Digital TV Research suggests that the amount of revenue lost to piracy has increased from $6.7 billion (2010) to nearly $31.8 billion (2018), while the TV Piracy Forecast’s report estimates that the figure will reach US$52 billion by the end of 2022.
Millions of people around the world illegally download and stream digital content. This, in legal terms, is called piracy, or violation of intellectual property rights. Despite the fact that piracy is illegal, many argue it is not immoral. For example, fundamentalist libertarians believe that all ideas and artistic creations should be held in the public domain, freely accessible to all. They argue that intellectual property restricts free circulation of ideas and expressions that the society could benefit from.
Others think that illegal downloading is the equivalent of stealing, and not only it imposes significant legal costs to the creators, but also discourages them from continuing their work. A number of countries have aggressive policies in place to prevent online piracy. Australia, for example, often shows this message before movies:
“You wouldn’t steal a car, you wouldn’t steal a handbag, you wouldn’t steal a television, you wouldn’t steal a movie. Downloading pirated films is stealing.”
Those in the centre believe that there is still a difference between downloading illegal content and stealing someone’s coat. Due to the virtual nature of it piracy, a lot of people are not even aware that they are committing an illegal act by downloading a film they want to watch. After all, we are told so much about the free nature of the internet. The key difference between piracy and actual stealing is that when you download the content, you do not exclude the owner or anyone else from using it, while in case of stealing a tangible item, you claim it entirely for yourself and everyone else, including the rightful owner is excluded from enjoying it.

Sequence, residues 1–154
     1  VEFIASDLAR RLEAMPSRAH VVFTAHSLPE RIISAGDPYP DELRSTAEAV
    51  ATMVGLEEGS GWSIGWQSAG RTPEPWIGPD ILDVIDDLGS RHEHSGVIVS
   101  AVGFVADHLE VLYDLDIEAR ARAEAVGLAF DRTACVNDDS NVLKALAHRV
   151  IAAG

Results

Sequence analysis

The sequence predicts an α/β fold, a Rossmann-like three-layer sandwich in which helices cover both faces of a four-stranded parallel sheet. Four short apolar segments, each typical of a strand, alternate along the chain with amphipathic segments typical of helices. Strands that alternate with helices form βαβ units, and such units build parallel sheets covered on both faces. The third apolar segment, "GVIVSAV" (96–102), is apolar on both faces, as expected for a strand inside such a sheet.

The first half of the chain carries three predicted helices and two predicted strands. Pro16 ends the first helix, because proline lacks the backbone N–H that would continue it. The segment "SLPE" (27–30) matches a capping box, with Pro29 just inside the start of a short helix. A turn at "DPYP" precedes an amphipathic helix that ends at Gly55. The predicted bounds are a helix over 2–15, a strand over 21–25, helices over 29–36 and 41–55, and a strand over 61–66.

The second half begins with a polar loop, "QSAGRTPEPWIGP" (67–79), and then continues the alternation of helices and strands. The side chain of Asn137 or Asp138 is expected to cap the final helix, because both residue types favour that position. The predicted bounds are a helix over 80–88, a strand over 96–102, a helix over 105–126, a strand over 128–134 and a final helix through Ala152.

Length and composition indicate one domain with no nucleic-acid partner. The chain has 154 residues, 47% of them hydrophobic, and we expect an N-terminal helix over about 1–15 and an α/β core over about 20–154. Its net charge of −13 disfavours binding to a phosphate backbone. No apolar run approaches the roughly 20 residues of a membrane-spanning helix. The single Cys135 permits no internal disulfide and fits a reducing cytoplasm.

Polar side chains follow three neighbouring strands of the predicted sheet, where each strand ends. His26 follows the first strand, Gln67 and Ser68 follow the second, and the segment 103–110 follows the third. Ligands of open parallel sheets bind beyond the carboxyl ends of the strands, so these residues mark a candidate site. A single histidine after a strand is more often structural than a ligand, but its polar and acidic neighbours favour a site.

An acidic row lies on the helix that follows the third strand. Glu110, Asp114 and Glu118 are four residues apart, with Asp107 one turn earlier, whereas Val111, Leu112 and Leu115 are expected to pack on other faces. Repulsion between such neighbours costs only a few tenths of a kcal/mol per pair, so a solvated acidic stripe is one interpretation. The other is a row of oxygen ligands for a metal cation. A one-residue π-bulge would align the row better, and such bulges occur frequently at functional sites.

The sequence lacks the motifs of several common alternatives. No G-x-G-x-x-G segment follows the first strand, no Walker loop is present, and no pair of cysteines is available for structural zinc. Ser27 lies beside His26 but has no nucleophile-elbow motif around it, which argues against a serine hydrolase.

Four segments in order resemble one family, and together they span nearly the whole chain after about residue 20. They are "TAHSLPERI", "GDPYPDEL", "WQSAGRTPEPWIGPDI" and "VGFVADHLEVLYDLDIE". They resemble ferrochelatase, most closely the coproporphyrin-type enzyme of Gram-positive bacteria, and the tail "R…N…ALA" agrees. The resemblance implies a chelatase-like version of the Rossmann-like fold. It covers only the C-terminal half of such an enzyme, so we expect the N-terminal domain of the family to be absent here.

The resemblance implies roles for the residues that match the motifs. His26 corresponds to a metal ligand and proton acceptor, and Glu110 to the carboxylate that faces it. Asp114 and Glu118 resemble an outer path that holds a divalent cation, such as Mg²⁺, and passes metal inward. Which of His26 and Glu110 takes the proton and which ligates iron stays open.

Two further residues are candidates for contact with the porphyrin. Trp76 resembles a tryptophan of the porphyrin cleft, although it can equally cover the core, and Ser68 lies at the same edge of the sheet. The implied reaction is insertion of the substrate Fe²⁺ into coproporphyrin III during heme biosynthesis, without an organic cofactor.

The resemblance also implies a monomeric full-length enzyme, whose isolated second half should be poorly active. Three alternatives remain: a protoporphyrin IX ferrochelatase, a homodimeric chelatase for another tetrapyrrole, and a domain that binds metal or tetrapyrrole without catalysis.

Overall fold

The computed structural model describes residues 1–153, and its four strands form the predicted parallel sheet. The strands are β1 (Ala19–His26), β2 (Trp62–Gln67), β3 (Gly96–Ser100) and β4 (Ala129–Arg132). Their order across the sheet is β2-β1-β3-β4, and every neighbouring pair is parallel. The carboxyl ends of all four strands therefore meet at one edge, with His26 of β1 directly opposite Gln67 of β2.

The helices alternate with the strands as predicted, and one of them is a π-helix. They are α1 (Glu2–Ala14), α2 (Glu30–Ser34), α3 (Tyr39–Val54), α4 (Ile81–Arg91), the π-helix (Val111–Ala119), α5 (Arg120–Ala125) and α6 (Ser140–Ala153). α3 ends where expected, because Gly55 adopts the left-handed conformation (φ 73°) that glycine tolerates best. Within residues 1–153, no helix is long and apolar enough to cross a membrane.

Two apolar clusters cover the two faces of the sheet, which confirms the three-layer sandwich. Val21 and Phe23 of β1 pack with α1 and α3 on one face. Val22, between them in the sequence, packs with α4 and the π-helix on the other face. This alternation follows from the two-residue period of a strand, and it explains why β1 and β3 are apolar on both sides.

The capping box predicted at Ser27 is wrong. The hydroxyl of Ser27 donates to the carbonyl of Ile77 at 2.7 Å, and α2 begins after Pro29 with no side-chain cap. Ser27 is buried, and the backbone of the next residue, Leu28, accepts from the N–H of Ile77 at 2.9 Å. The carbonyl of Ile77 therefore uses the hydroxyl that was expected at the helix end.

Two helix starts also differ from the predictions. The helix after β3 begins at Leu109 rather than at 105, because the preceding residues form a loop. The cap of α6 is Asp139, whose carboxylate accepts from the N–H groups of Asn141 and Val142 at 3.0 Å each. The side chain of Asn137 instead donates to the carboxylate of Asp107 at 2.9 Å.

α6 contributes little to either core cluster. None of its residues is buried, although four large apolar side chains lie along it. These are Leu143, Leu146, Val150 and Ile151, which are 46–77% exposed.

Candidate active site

Some even suggest that illegal file sharing might in fact be beneficial for the owners. It is true that by downloading the film illegally, you avoid paying the fee to the owner, but the more accessible the product becomes by massive sharing, the more people will want to consume it, which increases its popularity.
In reality, radical approaches to the issue of privacy often lack common sense, and a balance must be struck between protecting intellectual property and imposing sanctions similar to those imposed on common thieves. Such sanctions, on the other hand, need to differentiate between different types of intellectual property, the implications of illegal sharing and the reasonable ways of regulating it.
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